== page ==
This review by Piers McCarthy.
Directors: Mark Andrews, Brenda Chapman, Steve Purcell
Starring (voices of): Kelly Macdonald, Billy Connolly, Emma Thompson, Julie Walters, Robbie Coltrane, Kevin McKidd, Craig Ferguson
Synopsis: Princess Merida has vigour and a longing for adventure yet she is stuck inside the castle walls due to her mother’s command. In rebellion, she ventures out into the highlands yet along her way she meets a witch and brings about a curse that takes all of her bravery to break.
With the atrocious Cars 2 there was a fear that Pixar was beginning to fail us. One of the only positives that came of the Cars 2 experience was the Toy Story short, Hawaiian Vacation that preceded it. Giving the audience more time with their favourite animated toy troop was better in its six-minute run time than the entire feature that followed it. Brave’s accompanying film, La Luna, is too much style over substance and attempts to bring an imaginative perspective on the natural world (much like Partly Cloudy) that fails somewhat. After a glimpse of Pixar’s bronze-quality material with Cars 2, watching La Luna may worry you further – will this and its partnered feature become another flaccid film in Pixar’s repertoire? The answer is, fortunately not. Brave is a welcome return to form, though it’s a Cars and A Bug’s Life silver-value achievement still in the shadow of trophy pieces such as Toy Story, Wall-e and Up.
Despite the film starting with a dazzling aerial shot of the Scottish highlands, it is not the visuals that immediately draw your attention but the grandiose soundtrack. Patrick Doyle’s score echoes through the cinema, immersing the audience in the Celtic clamour. The sound has been mixed with a brand new Dolby Atmos sound system that can work through 64 speakers and the range of noise creates a wondrous ambience. The rain, the wind and the whispers of the will-o’-the-wisp are all so acutely channelled through the amazing sound mix. Paired with the delightfully scored soundtrack and the eclectic cast of voices, Brave’s sound is as meticulous in its craftsmanship as the visual rendering is.
Technically, it’s another milestone in its genre. Much like Wall-e’s space art, The Incredibles’ cloth capturing and Up’s emotional vérité, Brave advances all aspects of environment, clothing, hair and human particulars that dwarf the memory of anything that’s tried the same. Something habitually compared to Brave is the medieval DreamWorks picture, How to Train Your Dragon. Both Dragon and Brave concern themselves with Celtic clans and mammoth beasts but the latter has visually bettered the rival studio’s film. Facial expression and minute details of body language have never been as deftly portrayed as they are in Brave. However, the film’s biggest downfall is its tawdry plot line to which Dragon boasts a more entertaining narrative.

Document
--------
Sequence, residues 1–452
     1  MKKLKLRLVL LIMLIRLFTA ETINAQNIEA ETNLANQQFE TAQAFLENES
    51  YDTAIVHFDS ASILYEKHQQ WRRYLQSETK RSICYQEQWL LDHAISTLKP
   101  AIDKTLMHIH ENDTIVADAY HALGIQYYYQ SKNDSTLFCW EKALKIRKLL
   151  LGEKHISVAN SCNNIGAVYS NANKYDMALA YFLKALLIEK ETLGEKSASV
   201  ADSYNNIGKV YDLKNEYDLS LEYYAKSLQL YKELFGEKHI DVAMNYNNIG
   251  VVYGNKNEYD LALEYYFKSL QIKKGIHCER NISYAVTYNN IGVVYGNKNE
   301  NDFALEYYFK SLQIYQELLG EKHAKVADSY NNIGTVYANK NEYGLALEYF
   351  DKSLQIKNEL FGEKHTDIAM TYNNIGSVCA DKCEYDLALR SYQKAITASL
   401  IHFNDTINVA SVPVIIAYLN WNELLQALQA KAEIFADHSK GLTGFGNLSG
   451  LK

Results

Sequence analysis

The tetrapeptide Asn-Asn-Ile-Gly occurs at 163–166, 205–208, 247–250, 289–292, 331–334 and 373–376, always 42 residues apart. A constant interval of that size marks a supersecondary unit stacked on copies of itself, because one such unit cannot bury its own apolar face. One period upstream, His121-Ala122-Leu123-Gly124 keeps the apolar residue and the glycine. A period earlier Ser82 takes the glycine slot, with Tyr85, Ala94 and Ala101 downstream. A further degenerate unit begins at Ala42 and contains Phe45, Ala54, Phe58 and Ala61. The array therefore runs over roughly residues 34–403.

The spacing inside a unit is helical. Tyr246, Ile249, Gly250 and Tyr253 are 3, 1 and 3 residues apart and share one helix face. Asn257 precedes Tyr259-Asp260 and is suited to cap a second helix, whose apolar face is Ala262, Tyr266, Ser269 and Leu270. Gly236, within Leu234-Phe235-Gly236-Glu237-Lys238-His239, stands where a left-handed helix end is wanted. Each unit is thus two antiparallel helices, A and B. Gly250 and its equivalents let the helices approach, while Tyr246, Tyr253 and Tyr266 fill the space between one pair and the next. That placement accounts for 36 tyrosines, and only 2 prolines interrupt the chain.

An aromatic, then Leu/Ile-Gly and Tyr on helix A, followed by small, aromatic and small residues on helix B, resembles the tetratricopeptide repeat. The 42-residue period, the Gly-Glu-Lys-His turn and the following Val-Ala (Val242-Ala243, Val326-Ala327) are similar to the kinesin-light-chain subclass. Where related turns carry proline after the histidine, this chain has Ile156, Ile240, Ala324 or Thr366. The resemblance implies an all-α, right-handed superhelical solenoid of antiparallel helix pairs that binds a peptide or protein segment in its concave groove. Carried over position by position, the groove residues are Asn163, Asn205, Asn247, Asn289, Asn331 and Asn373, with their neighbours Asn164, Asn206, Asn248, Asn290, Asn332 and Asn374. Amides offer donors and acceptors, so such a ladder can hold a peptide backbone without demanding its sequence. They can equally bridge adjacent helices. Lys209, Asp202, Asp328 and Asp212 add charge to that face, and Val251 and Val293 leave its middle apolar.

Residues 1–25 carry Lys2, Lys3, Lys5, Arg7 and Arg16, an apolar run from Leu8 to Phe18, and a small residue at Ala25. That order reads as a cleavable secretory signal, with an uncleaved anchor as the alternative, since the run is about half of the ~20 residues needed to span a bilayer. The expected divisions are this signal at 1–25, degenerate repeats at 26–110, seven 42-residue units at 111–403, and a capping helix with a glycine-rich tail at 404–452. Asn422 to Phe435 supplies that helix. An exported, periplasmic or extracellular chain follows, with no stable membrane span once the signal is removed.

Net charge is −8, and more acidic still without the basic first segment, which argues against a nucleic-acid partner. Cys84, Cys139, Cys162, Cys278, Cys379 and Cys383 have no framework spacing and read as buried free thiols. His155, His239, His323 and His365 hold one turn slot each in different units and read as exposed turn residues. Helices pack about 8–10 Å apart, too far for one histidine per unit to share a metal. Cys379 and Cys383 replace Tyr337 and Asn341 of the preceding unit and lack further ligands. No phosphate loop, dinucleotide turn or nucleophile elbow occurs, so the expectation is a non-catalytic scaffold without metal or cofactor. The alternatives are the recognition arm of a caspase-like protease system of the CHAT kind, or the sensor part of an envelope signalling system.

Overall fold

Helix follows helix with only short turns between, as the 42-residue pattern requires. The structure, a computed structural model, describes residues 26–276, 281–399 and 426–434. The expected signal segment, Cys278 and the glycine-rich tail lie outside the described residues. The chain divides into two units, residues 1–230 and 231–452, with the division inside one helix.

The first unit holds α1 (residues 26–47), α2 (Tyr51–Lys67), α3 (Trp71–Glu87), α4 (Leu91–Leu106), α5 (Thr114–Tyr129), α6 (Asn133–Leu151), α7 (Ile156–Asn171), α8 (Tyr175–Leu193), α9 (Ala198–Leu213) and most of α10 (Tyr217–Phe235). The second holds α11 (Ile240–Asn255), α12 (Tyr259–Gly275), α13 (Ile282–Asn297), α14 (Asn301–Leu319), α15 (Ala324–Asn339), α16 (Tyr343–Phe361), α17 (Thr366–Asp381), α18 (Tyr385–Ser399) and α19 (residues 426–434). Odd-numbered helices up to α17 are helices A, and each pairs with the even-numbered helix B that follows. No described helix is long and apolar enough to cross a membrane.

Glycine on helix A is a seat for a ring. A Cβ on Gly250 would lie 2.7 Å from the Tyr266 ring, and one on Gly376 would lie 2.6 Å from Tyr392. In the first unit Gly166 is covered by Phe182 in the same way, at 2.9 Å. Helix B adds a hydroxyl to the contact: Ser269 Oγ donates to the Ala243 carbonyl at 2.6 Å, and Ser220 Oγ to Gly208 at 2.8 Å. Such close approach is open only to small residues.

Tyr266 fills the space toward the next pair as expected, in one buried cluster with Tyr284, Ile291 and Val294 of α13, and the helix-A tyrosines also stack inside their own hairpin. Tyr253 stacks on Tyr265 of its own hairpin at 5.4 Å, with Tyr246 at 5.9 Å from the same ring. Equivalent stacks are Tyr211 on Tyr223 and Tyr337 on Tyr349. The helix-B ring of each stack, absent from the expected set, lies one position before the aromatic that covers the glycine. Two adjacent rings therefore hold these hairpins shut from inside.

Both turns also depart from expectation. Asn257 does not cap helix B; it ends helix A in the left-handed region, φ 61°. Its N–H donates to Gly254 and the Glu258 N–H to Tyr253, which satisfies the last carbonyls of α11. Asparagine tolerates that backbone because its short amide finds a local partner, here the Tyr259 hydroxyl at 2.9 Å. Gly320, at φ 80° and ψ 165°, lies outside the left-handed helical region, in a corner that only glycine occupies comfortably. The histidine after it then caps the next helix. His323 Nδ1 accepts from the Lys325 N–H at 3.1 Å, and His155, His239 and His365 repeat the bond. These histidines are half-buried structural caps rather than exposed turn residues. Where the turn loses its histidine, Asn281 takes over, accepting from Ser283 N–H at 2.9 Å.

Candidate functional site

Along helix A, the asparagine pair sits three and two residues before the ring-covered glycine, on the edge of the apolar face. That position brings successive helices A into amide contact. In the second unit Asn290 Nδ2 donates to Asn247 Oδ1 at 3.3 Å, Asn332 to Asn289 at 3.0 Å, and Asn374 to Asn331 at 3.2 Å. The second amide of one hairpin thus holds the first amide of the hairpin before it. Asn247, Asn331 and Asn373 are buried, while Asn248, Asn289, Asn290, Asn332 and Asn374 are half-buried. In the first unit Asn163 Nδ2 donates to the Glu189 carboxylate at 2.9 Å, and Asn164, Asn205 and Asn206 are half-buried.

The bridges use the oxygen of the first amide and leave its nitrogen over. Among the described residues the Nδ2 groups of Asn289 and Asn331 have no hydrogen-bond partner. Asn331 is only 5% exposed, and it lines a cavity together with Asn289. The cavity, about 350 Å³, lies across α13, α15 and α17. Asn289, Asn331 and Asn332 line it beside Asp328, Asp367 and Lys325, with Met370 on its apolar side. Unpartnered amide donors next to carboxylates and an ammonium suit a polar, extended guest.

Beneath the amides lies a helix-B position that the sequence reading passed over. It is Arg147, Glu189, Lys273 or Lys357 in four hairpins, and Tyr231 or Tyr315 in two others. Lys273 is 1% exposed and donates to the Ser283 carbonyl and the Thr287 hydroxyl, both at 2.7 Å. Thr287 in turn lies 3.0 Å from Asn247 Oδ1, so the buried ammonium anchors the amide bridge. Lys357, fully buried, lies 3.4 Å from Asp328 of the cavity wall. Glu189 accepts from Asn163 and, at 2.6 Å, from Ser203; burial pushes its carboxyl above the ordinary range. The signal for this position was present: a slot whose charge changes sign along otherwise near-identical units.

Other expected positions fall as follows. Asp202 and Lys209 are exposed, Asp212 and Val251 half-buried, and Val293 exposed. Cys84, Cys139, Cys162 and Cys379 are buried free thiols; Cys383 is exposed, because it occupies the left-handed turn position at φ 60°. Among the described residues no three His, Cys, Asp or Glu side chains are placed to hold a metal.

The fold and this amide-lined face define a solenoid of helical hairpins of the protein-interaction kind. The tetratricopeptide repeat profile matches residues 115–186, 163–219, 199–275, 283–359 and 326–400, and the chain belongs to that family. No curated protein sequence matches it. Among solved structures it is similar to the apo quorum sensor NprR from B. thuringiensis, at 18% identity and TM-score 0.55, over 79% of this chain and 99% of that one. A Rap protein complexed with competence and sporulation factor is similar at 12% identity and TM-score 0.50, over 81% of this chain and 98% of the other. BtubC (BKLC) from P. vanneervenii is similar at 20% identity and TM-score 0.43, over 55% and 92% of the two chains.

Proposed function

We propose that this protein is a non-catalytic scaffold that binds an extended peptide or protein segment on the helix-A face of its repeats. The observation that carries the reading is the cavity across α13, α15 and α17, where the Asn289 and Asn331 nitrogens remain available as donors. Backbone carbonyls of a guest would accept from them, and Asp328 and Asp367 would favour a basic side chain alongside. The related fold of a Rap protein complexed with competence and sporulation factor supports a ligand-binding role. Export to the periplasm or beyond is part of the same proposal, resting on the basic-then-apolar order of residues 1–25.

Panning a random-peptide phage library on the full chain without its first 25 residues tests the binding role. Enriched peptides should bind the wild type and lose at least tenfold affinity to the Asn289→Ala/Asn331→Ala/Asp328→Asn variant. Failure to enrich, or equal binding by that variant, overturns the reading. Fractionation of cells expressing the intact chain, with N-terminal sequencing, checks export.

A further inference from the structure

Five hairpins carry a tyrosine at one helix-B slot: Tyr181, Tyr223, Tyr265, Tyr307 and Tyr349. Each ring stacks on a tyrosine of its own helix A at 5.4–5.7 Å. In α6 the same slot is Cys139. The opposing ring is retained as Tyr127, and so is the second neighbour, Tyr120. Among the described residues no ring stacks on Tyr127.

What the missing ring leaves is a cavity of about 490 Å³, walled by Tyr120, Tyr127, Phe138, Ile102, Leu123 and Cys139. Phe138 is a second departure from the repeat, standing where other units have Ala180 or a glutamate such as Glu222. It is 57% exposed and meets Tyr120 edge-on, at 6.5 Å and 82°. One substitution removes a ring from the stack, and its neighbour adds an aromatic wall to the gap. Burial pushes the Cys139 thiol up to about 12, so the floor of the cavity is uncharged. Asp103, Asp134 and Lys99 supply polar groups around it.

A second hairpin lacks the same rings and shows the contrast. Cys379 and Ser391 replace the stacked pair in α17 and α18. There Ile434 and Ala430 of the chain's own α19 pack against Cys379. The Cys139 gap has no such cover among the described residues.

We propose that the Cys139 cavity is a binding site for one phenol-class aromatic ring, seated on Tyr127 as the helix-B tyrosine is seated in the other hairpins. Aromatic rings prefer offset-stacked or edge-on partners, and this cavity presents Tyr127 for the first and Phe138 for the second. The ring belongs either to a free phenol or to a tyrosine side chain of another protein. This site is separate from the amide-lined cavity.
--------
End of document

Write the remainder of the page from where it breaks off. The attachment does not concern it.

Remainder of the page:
Having multiple directors and a four-way scripting staff is usually a thorny aspect of considered and concise filmmaking. It is the case here and Brave’s tone and pace is never precise. The film’s first twenty minutes are terrific, with a strong introduction to each character and an emotional resonance immediately made. As soon as Merida flees from the home and meets Julie Walter’s witch, however, it strays off its well-paved path. Without giving away spoilers, the curse is all-too similar to a previous Disney film – both incarnations falling flat. In fact, there are many incidents within Brave that feel borrowed from previous Disney classics, never allowing the film to stand out were it not for the female protagonist.
Merida is wonderful role that is well-rounded and perfectly voiced by Macdonald. Comparatively, Emma Thompson’s mother character is not only brought to life by the script, but also by the actress at the microphone. In terms of casting, the directors have chosen their voices skilfully. Whilst the supporting cast have an authentic input, their characters are rather bland in comparison to the two prominent female figures. The men behave like any stereotypical Scotsmen, brawling and burping their way through their scenes. The three small brothers – Hamish, Hubert and Harris – are the only male characters that entertain completely. Despite the wee siblings becoming devices to bring about the slapstick comedy (dangerously close the comic-style of Mater’s antics in Cars 2) they still bring a smile to your face.
The demographic for Brave is mainly children and young girls yet it tries to extend its reach to a more mature audience who may have been scared away after Pixar’s last feature. It’s not the company’s most glorious film that one always wishes for with a Pixar movie, but it’s significantly better than nearly all contemporary animation. It is interesting to see Pixar tackle the fairytale story but it’s a Disney staple and one that should remain with them; in that effort Pixar wastes time in making the more unique films.
In sum, Brave’s heart is in the right place and its animation is possibly the best seen up till now. Nevertheless, it rehashes one too many plot-lines and confuses itself with tone and addressing a particular audience. The subversion of gender does prove to be an interesting and fresh take on the fairytale but that is nothing without an interesting story to accompany it.